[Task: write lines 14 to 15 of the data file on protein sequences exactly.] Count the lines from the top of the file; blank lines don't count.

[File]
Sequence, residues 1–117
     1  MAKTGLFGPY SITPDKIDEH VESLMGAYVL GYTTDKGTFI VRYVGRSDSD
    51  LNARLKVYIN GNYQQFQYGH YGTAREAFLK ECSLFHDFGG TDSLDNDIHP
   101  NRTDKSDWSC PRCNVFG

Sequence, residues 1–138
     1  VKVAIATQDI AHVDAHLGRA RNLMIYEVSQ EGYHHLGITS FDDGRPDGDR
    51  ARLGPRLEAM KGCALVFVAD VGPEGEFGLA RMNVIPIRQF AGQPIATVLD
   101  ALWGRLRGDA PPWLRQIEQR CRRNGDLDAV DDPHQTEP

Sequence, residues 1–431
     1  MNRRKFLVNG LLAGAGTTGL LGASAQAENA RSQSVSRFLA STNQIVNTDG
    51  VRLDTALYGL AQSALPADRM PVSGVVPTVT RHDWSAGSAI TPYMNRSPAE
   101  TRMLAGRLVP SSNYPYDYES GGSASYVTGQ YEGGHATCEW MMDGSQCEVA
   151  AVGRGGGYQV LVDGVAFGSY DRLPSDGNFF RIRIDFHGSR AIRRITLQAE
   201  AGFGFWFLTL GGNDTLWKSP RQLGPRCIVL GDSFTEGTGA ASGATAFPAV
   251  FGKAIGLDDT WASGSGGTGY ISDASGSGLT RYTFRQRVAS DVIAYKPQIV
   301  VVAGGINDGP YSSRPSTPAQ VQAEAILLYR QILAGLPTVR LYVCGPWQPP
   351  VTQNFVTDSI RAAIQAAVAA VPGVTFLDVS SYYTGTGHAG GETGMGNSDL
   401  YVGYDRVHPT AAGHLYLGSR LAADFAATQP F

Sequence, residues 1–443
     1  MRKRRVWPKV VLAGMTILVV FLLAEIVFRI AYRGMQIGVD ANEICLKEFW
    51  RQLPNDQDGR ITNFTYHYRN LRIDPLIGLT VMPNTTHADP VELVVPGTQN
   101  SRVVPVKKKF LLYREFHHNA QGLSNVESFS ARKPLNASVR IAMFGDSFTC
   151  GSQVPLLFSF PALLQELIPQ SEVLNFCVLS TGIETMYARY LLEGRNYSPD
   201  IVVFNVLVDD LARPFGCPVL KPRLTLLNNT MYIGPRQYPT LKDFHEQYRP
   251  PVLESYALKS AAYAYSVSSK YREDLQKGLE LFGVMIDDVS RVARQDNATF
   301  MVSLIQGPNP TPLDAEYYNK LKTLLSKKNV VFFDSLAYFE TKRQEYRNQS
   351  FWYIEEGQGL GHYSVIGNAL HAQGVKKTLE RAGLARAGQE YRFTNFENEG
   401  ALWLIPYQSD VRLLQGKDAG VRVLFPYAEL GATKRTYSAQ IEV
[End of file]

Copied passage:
   201  AGFGFWFLTL GGNDTLWKSP RQLGPRCIVL GDSFTEGTGA ASGATAFPAV
   251  FGKAIGLDDT WASGSGGTGY ISDASGSGLT RYTFRQRVAS DVIAYKPQIV